Anyway, we have visited TN and loved every bit of it. I did however notice that there are a lot of Northern transplants living there. My question is, has that affected the Tennessean lifestyle at all? Are people still kindhearted, well-spoken, and respectful? It's very important for me to be around kind people, I am tired of all the typical impolite and impertinent people that I currently have to deal with on a daily basis. Also, do Northern transplants usually take on Southern ways after a while or not? Do people still use the phase "have a blessed day" and ring your doorbell to invite you to church?

If this matters at all, I am interested in moving to either the Nashville area (Mount Juliet or Franklin) or Knoxville (Knoxville itself or Maryville). We also are in our mid-twenties (don't know if that matters or not). I would also like some opinions on these areas, are they well enough for folks like us?


Thank you very much in advance.

First of all, congratulations on your coming wedding!! I hope you love it down here, and it works out well for you!!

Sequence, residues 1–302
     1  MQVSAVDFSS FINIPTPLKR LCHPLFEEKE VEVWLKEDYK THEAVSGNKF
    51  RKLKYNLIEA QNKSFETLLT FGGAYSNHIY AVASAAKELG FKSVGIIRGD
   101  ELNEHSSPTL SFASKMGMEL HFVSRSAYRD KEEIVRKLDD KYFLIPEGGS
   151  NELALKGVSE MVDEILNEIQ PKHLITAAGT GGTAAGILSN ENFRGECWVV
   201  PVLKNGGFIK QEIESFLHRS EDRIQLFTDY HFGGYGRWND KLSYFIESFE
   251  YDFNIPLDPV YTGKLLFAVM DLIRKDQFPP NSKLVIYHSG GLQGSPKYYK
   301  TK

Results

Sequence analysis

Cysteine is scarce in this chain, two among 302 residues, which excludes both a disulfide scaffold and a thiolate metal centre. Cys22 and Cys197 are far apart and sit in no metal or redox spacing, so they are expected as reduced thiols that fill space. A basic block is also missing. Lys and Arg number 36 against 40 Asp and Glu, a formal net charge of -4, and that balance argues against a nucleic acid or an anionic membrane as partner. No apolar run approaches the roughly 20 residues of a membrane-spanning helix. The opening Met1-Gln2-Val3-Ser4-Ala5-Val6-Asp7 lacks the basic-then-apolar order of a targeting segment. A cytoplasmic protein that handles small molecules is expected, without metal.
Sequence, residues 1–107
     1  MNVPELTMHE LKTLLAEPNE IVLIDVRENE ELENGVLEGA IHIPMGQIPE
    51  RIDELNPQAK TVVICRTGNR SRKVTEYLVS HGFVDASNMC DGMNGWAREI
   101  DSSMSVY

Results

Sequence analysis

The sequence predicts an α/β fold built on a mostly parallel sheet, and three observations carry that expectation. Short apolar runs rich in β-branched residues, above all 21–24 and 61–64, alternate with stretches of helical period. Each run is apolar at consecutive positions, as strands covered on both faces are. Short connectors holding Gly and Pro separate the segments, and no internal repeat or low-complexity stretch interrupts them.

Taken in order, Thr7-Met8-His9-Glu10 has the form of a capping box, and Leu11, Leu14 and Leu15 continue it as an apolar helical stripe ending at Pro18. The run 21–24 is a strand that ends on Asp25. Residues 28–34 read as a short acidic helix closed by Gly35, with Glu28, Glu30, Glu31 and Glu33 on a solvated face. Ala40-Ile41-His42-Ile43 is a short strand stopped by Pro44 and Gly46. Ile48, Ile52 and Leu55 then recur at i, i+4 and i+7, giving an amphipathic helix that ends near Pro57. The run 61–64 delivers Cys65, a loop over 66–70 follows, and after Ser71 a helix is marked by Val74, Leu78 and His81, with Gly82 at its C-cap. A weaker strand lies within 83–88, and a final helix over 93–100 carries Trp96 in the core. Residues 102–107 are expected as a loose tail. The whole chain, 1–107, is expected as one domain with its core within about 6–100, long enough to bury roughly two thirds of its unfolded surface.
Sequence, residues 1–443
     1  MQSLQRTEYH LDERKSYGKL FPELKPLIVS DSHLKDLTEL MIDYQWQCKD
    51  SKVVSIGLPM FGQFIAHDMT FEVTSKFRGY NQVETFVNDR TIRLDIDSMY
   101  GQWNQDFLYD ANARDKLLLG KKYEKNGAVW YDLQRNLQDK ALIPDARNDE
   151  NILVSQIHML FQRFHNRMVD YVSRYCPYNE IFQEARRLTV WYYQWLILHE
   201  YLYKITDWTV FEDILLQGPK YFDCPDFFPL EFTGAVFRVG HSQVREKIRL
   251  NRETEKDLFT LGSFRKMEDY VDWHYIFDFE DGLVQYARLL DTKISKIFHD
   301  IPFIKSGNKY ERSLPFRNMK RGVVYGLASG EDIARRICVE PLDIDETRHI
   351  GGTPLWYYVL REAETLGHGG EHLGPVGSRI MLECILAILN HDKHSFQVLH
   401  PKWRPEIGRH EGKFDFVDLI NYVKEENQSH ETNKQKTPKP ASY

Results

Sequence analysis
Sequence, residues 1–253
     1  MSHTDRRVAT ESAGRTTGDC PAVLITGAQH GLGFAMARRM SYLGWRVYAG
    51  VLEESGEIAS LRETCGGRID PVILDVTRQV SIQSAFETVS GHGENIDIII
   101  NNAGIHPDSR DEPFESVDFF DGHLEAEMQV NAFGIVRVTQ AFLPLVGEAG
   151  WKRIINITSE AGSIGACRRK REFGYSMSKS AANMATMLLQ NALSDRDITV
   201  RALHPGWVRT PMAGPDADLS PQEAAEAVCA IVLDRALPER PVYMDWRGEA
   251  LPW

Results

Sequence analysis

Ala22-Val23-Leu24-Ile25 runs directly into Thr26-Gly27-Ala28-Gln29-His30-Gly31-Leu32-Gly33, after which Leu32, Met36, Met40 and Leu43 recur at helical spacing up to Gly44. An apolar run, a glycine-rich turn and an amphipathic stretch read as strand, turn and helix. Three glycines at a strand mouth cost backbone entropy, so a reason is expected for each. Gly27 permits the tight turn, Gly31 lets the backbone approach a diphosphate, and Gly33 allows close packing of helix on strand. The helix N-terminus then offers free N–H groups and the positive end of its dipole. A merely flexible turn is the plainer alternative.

I actually live in the middle of nowhere now(Viola, TN), and I love it. I'm close to my family and have a beautiful tract of land. I couldn't be happier. That being said, I have lived in several areas in the Nashville area being Franklin, Smyrna, Murfreesboro, and Bellevue, so I'll try and give a little insight hopefully. I'll try to address you're questions in order...There are a lot of Northern transplants here(the majority of my coworkers are from urban areas up North), but they assimilate rather well from what I see. They seem to embrace Southern culture for the most part and run with it. Surprisingly, (since I live in the country) my neighbors are from PA, NJ, and MI. They're all very nice people and have adjusted just fine.

As for the manners portion of your question...people are still generally polite and welcoming, but you'll always have certain individuals who just aren't very friendly. Hopefully, you won't have any interactions with them From what I see, the vast majority are a kind and helping people. I'm trying to do my part in keeping politeness alive in well as it's a staple of Southern culture, and it's one that needs to remain. I'm teaching my children to say "sir" and "ma'am". To some they may be antiquated terms, but as my daddy says "Good manners never go out of style." Anyway, I'm rambling I've never had anyone knock on my door to invite me to church, but if they did, I'd just say "thanks and I'd consider it". It's nothing as earth-shatteringly negative and invasive as people seem to interpret or at least to me it's not. I have heard "have a blessed day" although not terribly often.